Honolulu lawyer Jeffrey Harris, a labor and employment attorney advising businesses on how to implement Covid-19 mandates for employees, has one piece of advice for Honolulu Mayor Rick Blangiardi: move immediately to dismiss a federal lawsuit brought by first responders challenging the city and county’s policy of requiring them to be vaccinated.

“It’s directly against U.S. Supreme Court precedent,” Harris told a webinar organized by the Chamber of Commerce Hawaii, during which member businesses clamored for details on how to implement vaccine mandates.

Lawyers for the Honolulu firefighters, paramedics and police objecting to the mandated vaccinations disagree with Harris. They’ve laid out their reasons in a 60-page complaint filed recently in Honolulu federal court.

Central to their complaint is an argument that the law simply doesn’t allow the government to force people to be what amount to human guinea pigs in medical experiments. The oft-cited Supreme Court case mentioned by Harris does not apply to what’s going on now, said plaintiffs’ attorney Shawn Luiz. The lawyers have asked the court to rule the mandates invalid.

Regardless of who is right, Harris’ remarks showed how top-of-mind the first responders’ suit is for legal experts, as businesses and governments seek to navigate the pandemic by making sure workers have gotten vaccines. Data shows that such policies are becoming increasingly popular as the virus has seemed to spiral out of control in recent weeks due to the highly contagious delta variant.

Sherry Menor-McNamara, the chamber’s president and chief executive, said the idea of mandating vaccines is gaining momentum among businesses. During the webinar, she said most businesses are considering a mandate, although some 57% of 266 businesses in a chamber survey said the opposite: that they did not plan to require vaccinations for their employees. The chamber’s webinar featured Harris, a labor lawyer with Torkildson, Katz, Hetherington, Harris & Knorek, along with his partner John Knorek, explaining how to do just that.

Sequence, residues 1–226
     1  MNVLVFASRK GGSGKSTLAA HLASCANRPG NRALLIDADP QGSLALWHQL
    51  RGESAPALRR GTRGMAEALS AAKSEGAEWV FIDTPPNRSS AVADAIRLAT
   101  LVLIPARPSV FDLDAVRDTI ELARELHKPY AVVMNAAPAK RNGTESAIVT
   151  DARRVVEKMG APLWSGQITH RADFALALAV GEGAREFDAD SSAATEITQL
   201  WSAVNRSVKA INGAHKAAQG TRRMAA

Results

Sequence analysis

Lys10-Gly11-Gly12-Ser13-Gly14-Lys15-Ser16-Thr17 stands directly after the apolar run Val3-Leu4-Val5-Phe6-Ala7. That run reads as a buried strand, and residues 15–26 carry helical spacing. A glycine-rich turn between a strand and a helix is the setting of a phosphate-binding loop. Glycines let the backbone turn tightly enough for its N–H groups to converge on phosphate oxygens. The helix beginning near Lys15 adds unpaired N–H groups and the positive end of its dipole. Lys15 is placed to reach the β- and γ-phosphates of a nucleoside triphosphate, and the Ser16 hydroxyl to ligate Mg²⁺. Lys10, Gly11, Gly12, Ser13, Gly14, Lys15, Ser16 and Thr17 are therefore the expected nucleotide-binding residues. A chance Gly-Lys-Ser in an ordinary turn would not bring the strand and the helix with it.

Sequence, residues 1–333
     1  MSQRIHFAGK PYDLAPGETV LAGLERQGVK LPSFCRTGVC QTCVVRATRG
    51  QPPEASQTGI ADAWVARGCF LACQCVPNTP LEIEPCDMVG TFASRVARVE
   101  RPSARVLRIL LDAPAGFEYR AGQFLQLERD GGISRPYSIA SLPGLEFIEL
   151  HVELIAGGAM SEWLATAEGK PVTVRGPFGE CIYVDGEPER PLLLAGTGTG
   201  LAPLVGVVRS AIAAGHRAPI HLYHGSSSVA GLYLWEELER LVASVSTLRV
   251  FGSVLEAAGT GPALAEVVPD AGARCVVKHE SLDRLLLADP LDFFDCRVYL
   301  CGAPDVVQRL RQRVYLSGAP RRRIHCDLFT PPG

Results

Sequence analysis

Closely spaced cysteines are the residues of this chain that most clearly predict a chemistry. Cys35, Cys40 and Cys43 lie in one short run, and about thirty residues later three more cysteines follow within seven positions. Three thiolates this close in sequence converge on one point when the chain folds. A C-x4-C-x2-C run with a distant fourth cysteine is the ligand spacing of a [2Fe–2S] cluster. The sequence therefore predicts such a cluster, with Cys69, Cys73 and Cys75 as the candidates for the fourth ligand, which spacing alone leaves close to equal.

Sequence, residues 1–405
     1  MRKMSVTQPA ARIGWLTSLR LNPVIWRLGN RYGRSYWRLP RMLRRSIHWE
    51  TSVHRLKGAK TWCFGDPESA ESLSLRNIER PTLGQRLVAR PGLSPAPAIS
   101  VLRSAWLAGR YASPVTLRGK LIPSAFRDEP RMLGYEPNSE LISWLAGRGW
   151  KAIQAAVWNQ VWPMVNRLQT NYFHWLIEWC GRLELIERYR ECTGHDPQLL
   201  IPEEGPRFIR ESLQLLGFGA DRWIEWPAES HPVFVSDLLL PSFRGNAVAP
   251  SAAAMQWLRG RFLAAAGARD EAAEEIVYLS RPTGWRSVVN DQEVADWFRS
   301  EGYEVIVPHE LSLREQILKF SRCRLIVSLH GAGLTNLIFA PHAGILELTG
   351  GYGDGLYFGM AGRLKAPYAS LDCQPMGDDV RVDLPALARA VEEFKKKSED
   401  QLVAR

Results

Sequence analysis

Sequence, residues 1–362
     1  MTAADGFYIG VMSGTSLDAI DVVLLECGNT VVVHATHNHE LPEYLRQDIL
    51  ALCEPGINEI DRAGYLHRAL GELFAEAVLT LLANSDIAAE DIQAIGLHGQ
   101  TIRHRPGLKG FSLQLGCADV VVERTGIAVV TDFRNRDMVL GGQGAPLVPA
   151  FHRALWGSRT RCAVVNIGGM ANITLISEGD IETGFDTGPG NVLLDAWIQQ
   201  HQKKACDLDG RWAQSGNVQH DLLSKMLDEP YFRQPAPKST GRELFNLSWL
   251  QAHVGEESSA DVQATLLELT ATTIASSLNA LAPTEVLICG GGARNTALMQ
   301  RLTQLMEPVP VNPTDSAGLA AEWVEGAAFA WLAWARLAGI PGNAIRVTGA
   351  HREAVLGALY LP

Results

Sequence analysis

Some of Hawaii’s largest employers have announced mandates requiring most workers to be vaccinated or undergo regular testing. These include the 2,500-employee Hawaiian Electric Cos., Bank of Hawaii and the medical giant Hawaii Pacific Health.

And many more businesses, including smaller ones, appear nearly ready to join the big firms in making workers get the shots. Approximately 350 chamber members attended the webinar, Menor-McNamara said.

“Of all the webinars we’ve had since the pandemic began, and we’ve had quite a few, this by far had the most signups and the most questions,” she said.

Although much of the webinar consisted of detailed questions and answers on how to implement a mandate, Harris kicked off his part of the presentation by blasting the first responders’ suit. He pointed to a 1905 case, Jacobson v. Massachusetts, that let the state force people to get smallpox vaccinations. He also recommended the mayor’s administration ask the court to sanction the first responders’ attorneys: Shawn Luiz, Michael Green and Kristin Coccaro.

A hearing is scheduled for Sept. 8.

“Recent case law and the 116-year-old case it carefully analyzed lend support to the Governor and the Mayor mandating vaccines, based on their interest in protecting public health and safety,” Harris wrote in a memo sent to Chamber members participating in the webinar.